The Obama administration unveiled a new rule that will make millions more American workers eligible for overtime pay. Starting Dec. 1, employees earn overtime if they make up to $47,476 a year, more than double the current threshold of $23,660 a year. This is a major victory for labor groups, considering the regulations had not been updated in over a decade. With these new changes in effect, the Department of Labor estimates 4.2 million additional workers will be eligible for overtime pay. Employers have a range of options to comply with the new rule:
- Pay time-and-a-half for overtime work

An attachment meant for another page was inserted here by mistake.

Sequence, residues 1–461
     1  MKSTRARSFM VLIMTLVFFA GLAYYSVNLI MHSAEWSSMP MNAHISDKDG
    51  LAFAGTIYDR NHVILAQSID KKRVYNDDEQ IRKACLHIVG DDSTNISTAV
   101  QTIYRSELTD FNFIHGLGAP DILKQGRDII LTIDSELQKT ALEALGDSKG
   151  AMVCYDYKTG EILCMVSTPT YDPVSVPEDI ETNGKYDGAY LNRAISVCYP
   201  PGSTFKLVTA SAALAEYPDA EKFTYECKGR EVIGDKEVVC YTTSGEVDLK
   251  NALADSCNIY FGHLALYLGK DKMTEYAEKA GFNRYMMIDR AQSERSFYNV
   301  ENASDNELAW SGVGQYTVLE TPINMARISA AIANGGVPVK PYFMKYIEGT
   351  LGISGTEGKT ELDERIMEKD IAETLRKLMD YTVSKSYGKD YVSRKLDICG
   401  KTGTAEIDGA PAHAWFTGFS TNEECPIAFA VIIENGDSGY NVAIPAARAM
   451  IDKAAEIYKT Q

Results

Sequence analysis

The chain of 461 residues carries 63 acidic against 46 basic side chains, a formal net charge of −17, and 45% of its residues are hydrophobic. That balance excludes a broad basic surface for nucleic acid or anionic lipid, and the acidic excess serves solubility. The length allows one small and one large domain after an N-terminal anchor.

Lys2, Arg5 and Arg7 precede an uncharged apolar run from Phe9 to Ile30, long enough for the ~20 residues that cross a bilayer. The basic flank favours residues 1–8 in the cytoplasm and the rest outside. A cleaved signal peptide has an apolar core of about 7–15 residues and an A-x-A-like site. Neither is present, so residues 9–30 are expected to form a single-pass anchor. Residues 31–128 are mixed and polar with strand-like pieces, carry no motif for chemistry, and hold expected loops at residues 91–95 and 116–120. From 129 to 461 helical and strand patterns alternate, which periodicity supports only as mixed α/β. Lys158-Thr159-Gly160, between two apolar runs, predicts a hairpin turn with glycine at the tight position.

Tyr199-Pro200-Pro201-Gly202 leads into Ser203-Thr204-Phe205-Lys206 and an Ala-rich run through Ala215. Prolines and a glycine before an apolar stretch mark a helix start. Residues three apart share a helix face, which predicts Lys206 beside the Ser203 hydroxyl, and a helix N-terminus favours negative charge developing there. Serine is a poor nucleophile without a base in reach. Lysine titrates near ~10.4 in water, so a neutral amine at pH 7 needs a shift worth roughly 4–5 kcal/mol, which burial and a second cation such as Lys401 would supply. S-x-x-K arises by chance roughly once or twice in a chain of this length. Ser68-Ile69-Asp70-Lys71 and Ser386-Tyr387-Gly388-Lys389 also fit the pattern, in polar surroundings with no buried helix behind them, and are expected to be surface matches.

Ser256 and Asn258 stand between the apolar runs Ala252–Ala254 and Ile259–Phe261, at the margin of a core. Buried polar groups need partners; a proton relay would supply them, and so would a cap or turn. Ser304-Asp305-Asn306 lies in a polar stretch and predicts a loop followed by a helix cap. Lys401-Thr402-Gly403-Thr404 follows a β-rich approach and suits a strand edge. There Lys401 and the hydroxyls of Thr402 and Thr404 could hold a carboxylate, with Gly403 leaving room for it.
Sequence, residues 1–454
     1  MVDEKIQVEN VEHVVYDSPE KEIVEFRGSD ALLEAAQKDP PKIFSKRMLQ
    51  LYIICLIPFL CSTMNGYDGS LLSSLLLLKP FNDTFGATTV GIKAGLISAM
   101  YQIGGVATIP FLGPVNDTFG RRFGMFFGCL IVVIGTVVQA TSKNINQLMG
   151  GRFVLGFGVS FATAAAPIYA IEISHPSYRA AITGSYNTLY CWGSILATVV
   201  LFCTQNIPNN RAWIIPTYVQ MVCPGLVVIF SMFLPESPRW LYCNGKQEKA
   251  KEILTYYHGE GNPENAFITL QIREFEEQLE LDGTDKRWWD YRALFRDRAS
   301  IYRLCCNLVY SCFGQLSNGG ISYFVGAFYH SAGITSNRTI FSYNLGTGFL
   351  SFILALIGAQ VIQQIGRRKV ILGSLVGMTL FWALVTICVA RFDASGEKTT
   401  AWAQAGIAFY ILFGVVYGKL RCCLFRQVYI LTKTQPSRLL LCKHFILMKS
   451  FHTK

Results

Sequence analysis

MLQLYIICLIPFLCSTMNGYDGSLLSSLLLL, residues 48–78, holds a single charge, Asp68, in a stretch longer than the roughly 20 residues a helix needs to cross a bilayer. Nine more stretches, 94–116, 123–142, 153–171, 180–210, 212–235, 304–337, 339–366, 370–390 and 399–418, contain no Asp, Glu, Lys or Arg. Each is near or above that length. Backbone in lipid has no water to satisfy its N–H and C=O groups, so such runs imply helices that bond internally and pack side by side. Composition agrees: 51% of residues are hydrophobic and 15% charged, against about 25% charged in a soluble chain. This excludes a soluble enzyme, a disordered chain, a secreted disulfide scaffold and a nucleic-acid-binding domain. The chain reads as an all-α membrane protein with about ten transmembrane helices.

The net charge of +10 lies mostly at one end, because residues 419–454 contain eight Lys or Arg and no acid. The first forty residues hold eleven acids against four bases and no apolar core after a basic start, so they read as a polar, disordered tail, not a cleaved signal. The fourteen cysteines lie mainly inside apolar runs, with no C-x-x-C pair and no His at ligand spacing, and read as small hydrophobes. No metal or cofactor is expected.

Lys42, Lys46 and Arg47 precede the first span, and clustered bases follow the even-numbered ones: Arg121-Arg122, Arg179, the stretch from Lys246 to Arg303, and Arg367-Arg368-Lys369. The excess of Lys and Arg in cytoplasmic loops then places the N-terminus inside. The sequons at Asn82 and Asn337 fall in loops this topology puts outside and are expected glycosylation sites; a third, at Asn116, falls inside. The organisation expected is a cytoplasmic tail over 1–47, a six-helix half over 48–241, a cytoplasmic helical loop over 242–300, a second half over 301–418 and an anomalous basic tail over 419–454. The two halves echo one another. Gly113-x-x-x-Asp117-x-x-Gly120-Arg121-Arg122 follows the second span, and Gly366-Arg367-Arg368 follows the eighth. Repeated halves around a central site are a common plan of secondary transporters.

- Raise workers’ salaries above the new threadshold
- Limit workers’ hours to 40 per week
- Some combination of the above
Under the existing regulations, only seven percent of salaried workers are eligible, compared to 62 percent of workers in 1975. After Dec. 1, that number will increase to 35 percent. According to the Department of Labor, the revision also “strengthens existing overtime protections for 5.7 million additional white collar salaried workers and 3.2 million salaried blue collar workers.” Some small business owners have criticized the new measure, saying they may have to switch some salaried workers to hourly positions to afford the new threshold. For workers, this could mean fewer hours instead of bigger paychecks. Labor groups, on the other hand, have applauded the new rule. Employees who put in long hours without overtime could actually be making less than minimum wage when all hours worked are factored in. Visit the Department of Labor’s website to learn more about the new rule and how it affects businesses and workers.